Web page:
“People who begin using marijuana before the age of 18 are four to seven times more likely to develop a marijuana use disorder than adults,” the NIDA stated.
Vaping weed may be worse than vaping nicotine
A study published in March found teens were about twice as likely to report “wheezing or whistling” in the chest after vaping marijuana compared to when they smoked cigarettes or e-cigarettes.
“Without a doubt, cigarettes and e-cigarettes are unhealthy and not good for lungs. However, vaping marijuana appears even worse,” study author Carol Boyd, professor emerita and codirector of the Center for the Study of Drugs, Alcohol, Smoking & Health at the University of Michigan in Ann Arbor told CNN in a prior interview..
“Since many teens who vape nicotine, also vape cannabis, I recommend parents treat all vaping as a risky behavior (just like alcohol or drug use),” Boyd said.
Vaping weed is associated with a dangerous, newly identified lung disease called EVALI, short for e-cigarette, or vaping, product use-associated lung injury. In most of the cases, young people were using vaping products that contain THC, the main psychoactive compound in marijuana.
“According to the CDC, 84% of the EVALI cases were associated with cannabis-containing products,” Boyd told CNN.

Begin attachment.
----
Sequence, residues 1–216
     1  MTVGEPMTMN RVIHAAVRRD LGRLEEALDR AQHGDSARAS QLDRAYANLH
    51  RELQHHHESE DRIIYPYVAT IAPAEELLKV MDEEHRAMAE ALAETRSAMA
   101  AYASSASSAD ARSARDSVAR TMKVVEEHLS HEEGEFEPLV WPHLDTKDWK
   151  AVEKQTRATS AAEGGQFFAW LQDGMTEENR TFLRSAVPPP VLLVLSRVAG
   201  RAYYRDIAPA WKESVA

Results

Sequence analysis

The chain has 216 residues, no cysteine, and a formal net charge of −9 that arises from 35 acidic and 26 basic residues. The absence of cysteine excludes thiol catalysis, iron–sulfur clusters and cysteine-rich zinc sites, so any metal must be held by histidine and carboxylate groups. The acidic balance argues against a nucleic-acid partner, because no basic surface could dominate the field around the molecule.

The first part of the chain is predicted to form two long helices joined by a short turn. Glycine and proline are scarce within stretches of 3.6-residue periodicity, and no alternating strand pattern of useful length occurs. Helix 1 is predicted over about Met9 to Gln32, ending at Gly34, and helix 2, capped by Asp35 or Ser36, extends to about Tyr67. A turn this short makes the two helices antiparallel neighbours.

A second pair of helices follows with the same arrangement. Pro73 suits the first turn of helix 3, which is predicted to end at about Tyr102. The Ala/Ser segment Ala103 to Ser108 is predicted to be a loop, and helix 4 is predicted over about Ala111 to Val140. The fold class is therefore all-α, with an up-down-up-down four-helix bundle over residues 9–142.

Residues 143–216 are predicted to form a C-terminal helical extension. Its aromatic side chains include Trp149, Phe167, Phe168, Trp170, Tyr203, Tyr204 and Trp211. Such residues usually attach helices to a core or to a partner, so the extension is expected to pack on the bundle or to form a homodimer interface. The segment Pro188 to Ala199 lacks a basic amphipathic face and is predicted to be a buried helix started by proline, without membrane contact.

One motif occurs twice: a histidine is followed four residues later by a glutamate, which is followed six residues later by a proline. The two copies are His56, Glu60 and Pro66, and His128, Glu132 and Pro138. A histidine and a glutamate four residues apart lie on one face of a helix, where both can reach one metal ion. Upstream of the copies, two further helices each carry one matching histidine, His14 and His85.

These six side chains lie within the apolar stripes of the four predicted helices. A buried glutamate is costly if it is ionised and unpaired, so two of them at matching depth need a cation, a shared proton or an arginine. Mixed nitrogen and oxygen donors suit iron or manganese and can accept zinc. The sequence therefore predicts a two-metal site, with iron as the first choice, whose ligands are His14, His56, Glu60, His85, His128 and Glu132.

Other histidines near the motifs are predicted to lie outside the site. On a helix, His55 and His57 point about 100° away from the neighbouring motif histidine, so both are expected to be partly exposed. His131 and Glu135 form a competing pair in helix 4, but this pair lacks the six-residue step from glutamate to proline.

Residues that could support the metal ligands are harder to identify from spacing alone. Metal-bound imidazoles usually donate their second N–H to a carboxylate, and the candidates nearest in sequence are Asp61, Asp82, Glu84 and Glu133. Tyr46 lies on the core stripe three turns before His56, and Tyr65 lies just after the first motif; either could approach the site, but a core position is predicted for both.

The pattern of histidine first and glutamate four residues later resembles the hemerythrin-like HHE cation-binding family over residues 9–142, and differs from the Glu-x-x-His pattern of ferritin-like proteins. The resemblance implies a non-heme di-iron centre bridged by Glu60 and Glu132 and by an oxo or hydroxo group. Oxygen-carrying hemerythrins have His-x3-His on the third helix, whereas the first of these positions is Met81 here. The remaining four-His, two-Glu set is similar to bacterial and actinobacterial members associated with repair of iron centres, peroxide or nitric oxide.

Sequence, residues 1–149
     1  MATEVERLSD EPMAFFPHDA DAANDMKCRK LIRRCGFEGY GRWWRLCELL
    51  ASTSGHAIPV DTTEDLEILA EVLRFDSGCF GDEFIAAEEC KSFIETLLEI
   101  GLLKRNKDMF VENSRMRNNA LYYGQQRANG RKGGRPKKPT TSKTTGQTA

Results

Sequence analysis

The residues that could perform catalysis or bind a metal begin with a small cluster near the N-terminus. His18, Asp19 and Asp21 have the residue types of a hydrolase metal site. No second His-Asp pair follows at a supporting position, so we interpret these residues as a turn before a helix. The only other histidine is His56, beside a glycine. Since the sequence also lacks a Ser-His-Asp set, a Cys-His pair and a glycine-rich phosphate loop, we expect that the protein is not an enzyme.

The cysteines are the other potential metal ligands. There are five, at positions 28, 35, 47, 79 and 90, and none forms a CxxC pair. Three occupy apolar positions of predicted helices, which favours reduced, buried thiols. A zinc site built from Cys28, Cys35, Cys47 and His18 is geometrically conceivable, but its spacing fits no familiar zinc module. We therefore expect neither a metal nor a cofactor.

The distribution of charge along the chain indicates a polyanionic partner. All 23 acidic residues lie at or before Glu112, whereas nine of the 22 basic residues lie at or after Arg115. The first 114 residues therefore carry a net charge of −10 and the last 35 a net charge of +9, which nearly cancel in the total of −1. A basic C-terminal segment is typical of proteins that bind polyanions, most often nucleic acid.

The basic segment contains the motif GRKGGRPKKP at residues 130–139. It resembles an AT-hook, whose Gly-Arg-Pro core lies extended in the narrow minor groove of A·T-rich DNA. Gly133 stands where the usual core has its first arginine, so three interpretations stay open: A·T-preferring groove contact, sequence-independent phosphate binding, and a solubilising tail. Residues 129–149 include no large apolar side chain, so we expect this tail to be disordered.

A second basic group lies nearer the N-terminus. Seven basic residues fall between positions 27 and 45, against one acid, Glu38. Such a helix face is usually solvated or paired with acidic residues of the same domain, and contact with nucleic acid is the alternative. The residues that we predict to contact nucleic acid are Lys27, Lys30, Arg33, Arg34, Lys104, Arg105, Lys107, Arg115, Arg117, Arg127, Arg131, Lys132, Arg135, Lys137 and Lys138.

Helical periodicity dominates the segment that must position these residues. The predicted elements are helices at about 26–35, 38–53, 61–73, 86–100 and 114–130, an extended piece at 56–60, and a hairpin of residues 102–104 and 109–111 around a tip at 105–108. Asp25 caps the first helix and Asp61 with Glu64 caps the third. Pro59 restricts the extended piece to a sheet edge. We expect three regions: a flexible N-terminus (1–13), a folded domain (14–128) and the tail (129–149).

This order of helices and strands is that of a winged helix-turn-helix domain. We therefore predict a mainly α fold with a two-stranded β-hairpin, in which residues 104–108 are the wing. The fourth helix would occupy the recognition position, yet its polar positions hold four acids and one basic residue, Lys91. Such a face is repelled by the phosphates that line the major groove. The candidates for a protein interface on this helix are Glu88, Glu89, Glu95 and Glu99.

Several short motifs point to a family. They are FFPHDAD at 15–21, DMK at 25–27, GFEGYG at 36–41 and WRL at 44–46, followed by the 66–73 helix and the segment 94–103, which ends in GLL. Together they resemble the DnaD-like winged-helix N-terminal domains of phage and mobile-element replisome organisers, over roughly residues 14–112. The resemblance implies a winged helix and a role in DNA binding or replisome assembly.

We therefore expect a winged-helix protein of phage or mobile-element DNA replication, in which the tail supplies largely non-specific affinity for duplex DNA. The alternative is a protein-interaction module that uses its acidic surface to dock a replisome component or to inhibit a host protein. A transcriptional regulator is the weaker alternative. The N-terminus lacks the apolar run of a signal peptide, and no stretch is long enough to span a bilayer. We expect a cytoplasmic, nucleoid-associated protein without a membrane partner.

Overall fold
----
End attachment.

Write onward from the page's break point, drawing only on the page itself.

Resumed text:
As of February 2020, 68 deaths from EVALI have been confirmed in 29 states and the District of Columbia. The CDC believes EVALI may be linked to vitamin E acetate, a sticky oil substance often added to vaping products to either thicken or dilute the oil in cartridges.
What can parents do?
Parent should be on the lookout for behavior that indicates their child is using marijuana, according to the American Academy of Child and Adolescent Psychiatry.
Red eyes and “getting the munchies” are obvious signs, but irritability, moodiness, forgetfulness and acting “silly or out of character” are also typical, the AACAP advised. Some teens may start to use words like “sparking up,” “420,” “dabbing” and “shatter,” as well.
Be on the lookout for vaping paraphernalia. Not all e-cigarettes come in a cigarette-like package. Today’s versions can look like an USB device or a small, refillable pod or case and be hard for a parent to spot.
“The discreet nature of e-cigarettes makes it possible for adolescents to conceal and experiment with drugs such as cannabis,” LIm wrote.
If you suspect your child may be using, be aware that many teens believe that using weed is safer than drinking alcohol or using other drugs. Prepare yourself for the conversation by knowing “the myths and the facts” about weed, the AACAP said.
“For example, teenagers may say, ‘it is harmless because it is natural,’ ‘it is not addictive,’ or ‘it does not affect my thinking or my grades,'” the AACAP warned. Or they may say it’s OK because people use it “for medical purposes.”
Facts about the reality of marijuana use and other tips for parents can be found on the National Institute for Drug Abuse website, the Partnership to End Addiction, and Healthy Children.org, the website of the American Academy of Pediatrics.